Newspaper Page Text
Yosemite Via Santa Fe.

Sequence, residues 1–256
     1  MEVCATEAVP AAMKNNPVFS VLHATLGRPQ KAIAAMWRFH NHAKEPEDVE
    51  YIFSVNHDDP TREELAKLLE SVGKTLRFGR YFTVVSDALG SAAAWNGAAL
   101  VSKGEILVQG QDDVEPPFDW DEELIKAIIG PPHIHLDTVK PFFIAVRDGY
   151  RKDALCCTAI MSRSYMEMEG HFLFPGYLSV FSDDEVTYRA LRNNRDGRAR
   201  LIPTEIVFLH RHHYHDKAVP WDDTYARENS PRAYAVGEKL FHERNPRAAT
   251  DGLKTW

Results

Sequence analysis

The comfortable way to the Yosemlte Is via Santa Fe. The fare is $28.50 for the round trip from San Francisco. You take California Limited to Merced, thence by stage. No sleeper required. No side trips to see Big Trees. Bower Cave, Cascade Falls or Merced Canyon. The roads . are good and the hotels en route are excel lent. The service . Is Santa Fe. therefore it's right. All about it at 64J Market street. Yosemlte desk. • Blot of Laundry Workers. CHICAGO. May 2.— A small riot oc curred to-day as a result of the strike of the laundry workers and two hundred girls, employed in the Derby Hand Laun dry, were thrown into a panic when a crowd of strikers attacked the building after having failed to persuade them to Join the ranks of the strikers.' The pro prietor appearing with a revolver in each hand held the crowd until the arrival of the police. No arrests were made. Union nnd Non-Union Men Battle. Union and non-union lumbermen had an exciting battle on Mission-street wharf yesterday. The non-union men were bound for a lumber camp In the north and were taken to. the dock in an express wagon under guard. Upon their arrival at the wharf they were Inter cepted by "pickets" and a battle royal ensued. Both sides suffered bruises be fore the. men could be hustled on board a boat. At this point the union sailors and longshoremen declined to work while the non-union men were aboard. The owner of the vessel was appealed to and he ordered the men taken oft the ship. It then proceeded on its voyage. Within twenty years the South has in creased its railway mileage 162 per cent and its exports S5 per cent. FBESNO WILL FAVOR VETERANS WITH FRUIT Sixty Tons of Delectable Products to Be Distributed During the Convention. FRESNO. May 2. — A plan for advertis ing Fresno County at the National En campment of the G. A. R. in San Fran cisco next August is being arranged by Atlanta Post of this city. It Is pro posed to ship a carload of fresh fruit to San Francisco every day while the en campment is in progress displaying it in a hall which has already been rented, and each night' distributing It free among the visitors from the East. Tho hall secured Is. in the neighborhood of the convention nail and will be made a sort of lounging place and headquarters for the visitors. Agents will be on hand who will talk of the resources of Fresno County and the opportunities open here to the investor. The fruit has practically all been promised. There will be sixty tons of It. The Chamber of Commerce of this city is working in conjunction with the local veterans and will furnish descript ive reading matter, which will . also be distributed during the encampment. Special Dispatch to The Call REDDING. May 2. — The welcome notes notes of the siren of the Delamar smelter et Bully Hill were heard this morning for the first time in six months and the noise It made was hailed with satisfac tion and much delight by the people who heard It. The big furnace In the Delamar was blown in this morning and throughout the day there was a scene of great ac tivity ln and about the plant and mine. About 250 men are now at work and the plant will be running full blast In a few days. The Installing of another furnace is contemplated, and that will be filled up and blown ln just as soon es It Is completed. There Is sufficient ore already roasted to keep the smelter running for several months, and the ore that is now being mined and roasted in sures a continuous run. People In and about Delamar are feel- Ing joyful and business is picking up rapidly. The Etages are being put on again and things are rapidly assuming their old-time lively appearance. The resumption of work at Delamar, together with the dying out of the Keswick strike and the consequent Improvement of conditions at Keswick, is already be ing felt ln Redding. Business of all kinds is improving and confidence Is be ing restored. Another furnace at the Keswick Bmelter is being fired, ready to be blown In! To-day the wages of smelter em ployes was raised for the summer months, and this, too, was hailed with satisfaction. The police are working to locate a daring burglar who, on Thursday night, entered E. Ancel's Jewelry store at 316 Grant avenue and made his escape with $500 worth of valuables. Detectives placed ln charge, of the case by Captain of Detectives Martin believe they have a clue as to who the thief is and are said to have recovered some of the stolon property. Ancel has conducted the establish ment on Grant avenue for nearly a year and is known to carry considerable stock, principally watches. When ha came to open his place on Friday morn ing he discovered a widow In the rear open, and upon examination found that a tray of watches was missing. The Jeweler Immediately notified the police and officers visited the place. It was found that the thief had climbed over a series of buildings in the neighbor hood until he reached the roof of the structure In which he expected to se cure his loot. There is a light well Immediately In the rear of Ancel's place. Into this the burglar lowered himself, and once on the ground floor work was easy. A window, which the jeweler says has al ways been locked, was opened and the intruder entered. The watches were easily reached, as they had not been locked in the safe, and carried away. Last night police officers on North ¦Beach and Chinatown and vicinity were cautioned to keep a close lookout for all suspicious characters and to arrest all kn#wn crooks and place them in the tanks for investigation. Stable Boys Die in Flames. GREAT NECK, L. I., May 2.— Two ne gro stable boys and thirty-two valuable WASHINGTON, May 2.— It Is learned that Minister Conger's original state ment of the Russian demands has very recently received further support in the shape of several reports from different sources — all official — but the State De partment feels bound to accept without question the explanation of the Russian Government, as made through its Em bassador here, and through Count Lams dorff in St. Petersburg, and does not feel called upon to make any further repre sentations at present upon this subject. RUSSIA EXPECTS WAE. VICTODIA, B. C, May 2.— Mail advices were received here that Newchwang is being strengthened by the Russians, who have expressed to the Chinese authorities that this course was made inevitable, as Russia may soon come Into conflict with a certain power. It Is also rumored that Russia has formed nine regiments of Chi nese troops in Manchuria as an auxiliary to the regular garrison.' The number, it is said, will be increased to 60,000 within three years. The Yomiukri Shlmbun of Toklo has an interview with Prince Takahashi. one of Japan's, eminent jurists, in which the Manchurian .question is discussed. He suggests that if Russia refuses to with draw her troops from Manchuria, Japan should also send an army to MoukdenI Manchuria, he says, would thus be main tained as neutral territory. The Asahi Shlmbun, discussing the Manchurian question, suggests that Japan take advantage of the provision of her commercial treaty with China to open new ports in Manchuria. Hung Kiang, at the mouth of the Yalu, and a point higher up the Yalu, are the places suggested. The Asahl says that what Hangkow is to Shanghai, Hung Klang is to Newchwang, and the opening of the port would facili tate Japan's Manchurian trade. News come from Shanghai of an Insur rection which has broken ouf at Heta ching Fu and Meng Hsien, In Honan Province, where the people revolted at the extortions of the officials' pretense of having to raise funds for the indemnity of the foreign powers. The yamens at both places were attacked and destroyed and the officials fled. The rising is Inter fering with the operations of the Pekln syndicate (British) which has mining and railway works ln Honan. The University Club Is palpitating un der a stress of excitement attending the approach of an annual election. On Tues day next the members of the organiza tion will be called upon to select a new di rectory and if present Indications count for anything the event will be fraught with more political Intriguing than has been known of in the history of the club. For the first time in its career the club is divided on the question of a new presi dent and for the first time It has an op position ticket in ¦ the field. Anticipating the coming of the election, a nominating committee was chosen two weeks ago and immediately selected three candldats for expired Jerms on the board of directors. There are two holdovers on the board, Knox Maddox and George H. Lent, who, with the new directors, will elect a. new president to succeed Fairfax Wheelan. It has been generally understood among the members of the club for months that William- Bourn, the well-known mining man, would be named to succeed Presi dent Wheelan and not the slightest Inti mation was given that his^ candidacy would be opposed in any manner. Conse quently when the nominating committee selected him for a director, together with Michael F. Michael, the attorney, and Seward McNear, it was foreseen that the plan was to insure Bourn a majority of votes in the board and pave the way for his elevation to the presidency. McNear and Michael, In fact, were nominated by request of Bourn. . OPPOSITION DEVELOPS. • Hardly had the ticket been posted in the club office, however, before the opposition began to develop and for ten days past there have been rumors of a plan to de feat the purposes of the regular nomi nees. But it was not until late Friday night' that an opposing candidate was brought to the surf ace.\ About 10 o'clock the members of the club who were looking forward to the usual peaceful election, notwithstanding the stories - afloat, were surprised to discover posted on the club board the announcement that Thomas Breeze would be a candidate for a posi tion on the new board. A quiet investigation by the Bourn con tingent revealed the fact that Breeze had the promised vote of about eighty mem bers, which is quite a backing to start with, and that it was the intention of his friends to elect him instead of Michael F. Michael or Seward McNear and thereby', with the holdovers, Maddox and Lent, se cure a majority in the new board and' the right to name a president. The opposition to the candidacy of Bourn, it seems, originates in a desire of the younger members of the club to keep the finances under restraint. The organi zation Is notes' healthy financially as several of Its contemporaries, although under the administration 1 of .President Wheelan Its former indebtedness has been reduced nearly $15,000, leaving a legacy ef only about $2000 to the next directory, which is considered a good record for the two '.years in which Wheelan has; been president of the club. . FEAR ASSESSMENTS. It la. the fear of many members, that Bourn : will launch the club into another era of extravagance and - eventually ne cessitate a resort . to $10 . assessments to meet the bills. He and his followers In the club are mostly ; members of the , Pacific- Union" Club and this "fact is said to also have influence over the younger members of the University Club in .their decision as to who should direct the affairs of the latter organization. ; Breeze is known' as a Wheelan man and Maddox and Lent are said to be in the same category, so that if the first named is elected i in place of ; either one ; of tha BURGLAR LOOTS JEWELRY STORE An entertainment and dance will be given May 6 ln Union Square Hall under the auspices of Council No. 508 of the Young Men's Institute. The committee in charge is Charles D. O'Connor. J. V. Doherty, Daniel A. Leary, "William Hayes and Thomas F. Higglns: The grand and supreme officers of- the order will be In attendance. - Council No. 508 to Entertain. ACCEPTS RUSSIA'S HER AS FINAL BREEZE CHOSEN BY OPPOSITION Bourn candidates it is -conceded that Wheelan will continue to dominate over the affairs of the club.' Meanwhile gos sip has it that Michael F. Michael has noti fied Bourn and his other friends in the club that he will not permit his name to remain on the regular ticket until elec tion day and the opponents of Bourn are naturally pleased over the prospect of winning their contest without even the necessity of a hard fight. No ill feeling exists against Michael among the Breeze followers, but they realize that either he or McNear must be defeated in order to prevent Bourn from realizing his ambi tion to preside over the destinies of the club. It is a quiet but an Interesting struggle as it now stands and may lead to a num ber of resignations, but the rival factions are not paying heed to any such possibili ties. horses were burned to death' in a fire which destroyed the stable on W. Gould Brokaw's estate to-day. The financial loss will amount to between $40,000 and £0.000. ¦will be ready for the big mussel bake to be held on Tuesday at the beach. The grand banquet is to be held on Friday evening and on account of the large num ber who are to ba present it will be held at the Armory. WASHINGTON. May 2. — Postofflces discontinued May 15 — California:. Ken ny. Mendoclno County, mail to Moody. Postmasters commissioned — Oregon: Emma O. Pope. Elsie. "Washington: John F. Daws. Chlco. Fourth-class postmasters appointed — Wasnmgton: Emma J. Young. Peach Lincoln County, vice George B. Young, deceased. Navy orders^ — Ensign *F. L. Stltt de tached from the Boston to the Iroquols; Midshipman J. S. Arwin detached from the New York to the Iroquols; Midship man J. C. Fremont Jr. detached from the New York to the Perry. 1— Many a man owns a house coat who doesn't own a house. OF INTEREST TO PEOPLE OF "THE" PACIFIC " COAST Several New Postmasters Are Ap pointed and Orders Are Issued Affecting Naval Officers. MEMBERS OF SANTA CRUZ COMMITTEE PREPARING TO RECEIVE THE FORESTERS. SANTA CRUZ, May C— Great prep- | arations have been made by the local court of Foresters for the entertainment of the Grand Court of the Foresters of America to be held next week. The arrangements for the entertainment of the guests is now complete and Santa Crux hospitality will be dispensed as usual. I The parade on Tuesday promises to be a big- affair, as 1300 Foresters are expect • <1 to participate. Excursions are to be run from Holli.«ter. Gilroy, San Juan. ¦Wai^cmville end Salinas, and Foresters' day. as Tuesday Is called, is to be one of The most eventful Jn the history of Cali fornjj Kocestry. In the evening the grand ball is to be held at the Armory. The decorations for the ball in this building- are most elaborate. The entire <-**i!ir.fir has been covered with a net, filled In with thousands of small flags. The walls arc completely hidden from view by tod. white and blue bunting and redwood foliage. At the ball W\ S. Moore is to be floor manager and he will be assisted by George Staffler, C. J. Klein. Dr. W. R. J.in»cott. J. B. Cook, J. C. Doyle, E. Al zina, JcJin Doman, Fletcher Scott. R. Williams. C. H. Stone. A. H. Roff. Henry Heln. George Dennett and C. D. Blain. On the reception committee for the ball MINE WHISTLES STIR REJOICING Fr^nk Gilbert, who had charge of all the clam and mussel baxes, has gone to Carmel Bay with assistants to gather mussels. Thousands of luscious bivalves are" Mayor D. C. Clark. Dr.'W. R. Cong den. W. A. Corey, H. H. Miller, W\ H. Williamson, J. G. Tanner, John Roney, W. I. Newman, W. T. Morton, B. K.' Knight, A. J. Hlhn, R. D. Horton, Milton Besae, C. M. Cassin, F. R. Waltl, George S. Talt, George Root. R. H. Pringle, Frank Mattiscn. T. XT. Kelly, C. W. Hammer, J. F. Helms, M. C. Hopkins, J. H. Garrett. "~ -• : % -i,' Santa Ouz Completes Preparations for the Reception and Entertainment of the Grand Court of the Order and Promises to Break AH Records in the City for Hospitality FORESTERS WILL BLEND LABOR AND MERRIMENT THE SAN FRANCISCO, CALI^ SUNDAY, MAY 3, 1903; 25 GRAPE-NUTS. PRETTY CHEEKS. A Food That Makes Girls Sweet to Look Upon. Tii^ right food for younj? ladles is of the greaiest Importance to their looks, to rsay nothing of the health, Thin, sal- iow girl* don't set the right food you may be absolutely certain. A Brooklyn irfrl says: "For a long time, ln spite of all I could do, I was thin, skinny and nerv- ous, ily cheeks were so sunken my frie:idf used to remark how bad I looked. I couldn't seem to get strength from my fooi— meat, potatoes." bread, etc. So I tried various medicines, without help. "I often read about Grape-Nuts, but never tried the food until one day some- thing impressed me that perhaps If I would cat Grape-Xuts for my nerves and brain I couid digest and get the good of my fcod. So I started in. The food with cream was fascinating to my taste, and I went in for It regularly twice a day. "Well, I began to Improve, artd now. v.iiile on my third package, I have rhangeA eo my friends congratulate me warmly, a.«k me what In the world I hnve taken, etc.. etc. My cheeks are plump ami ro>y. and I 'feel eo strong and well. I ateep sound, and it seems as though I couldn't Ret enough to eat. Thank you sincerely for making Grspe-Xuts." Name Eiven by Postum Co.. Battle Creek, Mich. There's 6. reason for Grape-Nuta, "KING OP THE FLOCK" ABT SUPPLEMENT WILL BE ISSUED SUNDAY, MAY 10, 1903. . . , .,»- , ADVEB.TISEMENTS. - --'. DR. GHAMLEY'S VICTORY! Lately a charge was made against Dr. Chamley for Incompetence and unprofessional conduct. These charges were the result of deep- profes- sional jealousy, largely aided and abetted by a discharged employe. At the hearing last Wednesday -the action was dismissed. Dr. Chamley exon- erated. The Judge saying there was NO EVIDENCE AT ALL in the case^ PR, S. R CHAMLEY, THE FAMOUS CAHCER SPECIALIST READ WHAT "LUCKY BALDWIN "SAYS ABOUT PR CHAMLEY ;* \ j wisw^^ 4 ji^i^w^^¥Jf^ i i^^!^Siiil^i' Dr. Chamley is a. graduated phy~ For the b « neflt °* those who may be suserinr »'j#^;^^ < v-^:'^r':^ 1 HqMSBGEXR^^CdS EvS^^R t • « * • « « WITH Otlt, foot 4md t)r&Q€u. JQ tWO W(H KiB tu6 u6AllBf WAS fc,,!^ mRttthKH '* Bljfli ' B^B^E&jfoi^ . _ " r i I *b* ¦¦ wall !¦ At an/ tlttt In jreirt. Dr. Chu&ley'ft E$4i& SvWt?^* S^LjJBx < t§N *~V~*^' ¦? **/ . **s. R. CHAMLtY, m. p. | will be cheerfully furnished. , Sfct SS£? it l?H^M?S&2K^- rl11 I e. j. Baldwin TO MY viUKWDi i During my many yo&m on 'th* Coast I hare cured thousands of Canc«r«. Many traUful lttt«r« hav» been received [from patient; . all over th« United Btate*. Canada and South America. In ray practice I have made a special effort to be honest with the p^mle. and I have refused thousands of dollars from thoeTl knew could not b* ©ursd. For my friends' sake, aa well as my own, I rejoice that the contemptible persecution ended In such a triumphant vfc- tory I «£»• my friends that I cherish thetr friendship and good will, and sincerely hope that during the remaining days allottedto me I will continue to • receive^ their assistance, so that I mt; be able to add to my list of thankful patients the thousands who are afflicted with cancer and who will only know- of my wonderful treatment through those I have cured. /"With my sincere thanks for the kindly expressions of sympathy received from many o my friends, and thanking them for their past favora and rejrard, with deepest appreciation, hoping to merit a long continuance of the high feeling of gratitude. . • I am. elncerely. S. R. CHAMLEY, M. D. ANY LUMP IN A WOMAN'S BREAST IS CANCER ~] Any lump or sore on the lip, face or anywhere six months j^y qqOK NO X-RAY FRAUD is nearly always Cancer. — Cancer never pains till almost past cure. If you have a small lump in g~+ a ivTi^r^r^ No <=; 'nHrnn the breastt you muSt not ne £ lect jt ' as jt is sure to polson the £ iands ln j!!_I_jLZ__^ WO dwindling the armpit> w h ere cure \ s often impossible. Cancer never waits for you to """"^""W! Home Treatment experiment. One or two mistakes is sure death. Examinations free. The most complete ever Scheme! NQ KN|FE O R PAIN! NO PAY UNTIL CURED! writte " : I2 ° P a / es of . symptoms, addresses- A VEGETABLE PAIN- ; : 1 S. R. CHAMLEY, M. D. F and testimonials of thou- LESS PLASTER OFFICE HOURS: Q q . nr Tninn QTDCCT TELEPHONE: sands cured, MAKES THE CURES 9 A. M. tO 5 P. M. Z0 800 Z0 I HlnU 01 Rtt I Red 38 MAILED FREE. \ i J NEAR MARKEiT SAN FRANCISCO, CAL. J_ '. I L\ Over 726,000 Skins / Used in a Year's Production 9- *g\ b- Is it any wonder that the Walk-Over factory, with . • m\ A$L ¦ JL^^jim sucn a tremendous output to distribute through its *££vJv<t /n*vPiii own cImin of storeS) can retaiI a shoe at 53-5° that's W^$ffi%[$[ /£, iAJl||j& incomparably better than any other make at the price? jra4JVA'»\ \>CJlil Isi Why, there isn't a solitary one of the much adver- Kk3j^^i!?l G T T IbIIh tised v$5 shoes that is. better in style, stock or service- B«aIJ5«/Ari IJK.gSjp&^p ability — and but few of them equal the Walk-Over! PcS /fffi JH Rf I Men's Walk-Overs j Women's Wak-Overs I 1 $1! /Laa A SB I Styles for every shoe need, They appeal on the score of ]| / jTjf _j$ U§£] kjpflS^'^ I no matter what your business distinctively good style — •W*_T***i&«^ff J- J VXoMn V Ifl — st y' cs to snit vour ta . stc » no they've all the srrace, snap and -^JQH^in /ft f\ matter how conservative or daintiness of the best $5 shoes s^ISNPP^ how extreme. and many distinctive features K»#*Kf^' * Same leathers as in your fa- of their own. Only the ¦Efec?"" W Walk-Over Shoe Go. \ t fJS F. F. WRIGHT & SON, Proprietors. «» MB Q9/1 Market <straat Opposite <3V' / «?£fs lllal JV.UI Dlicclj Emporium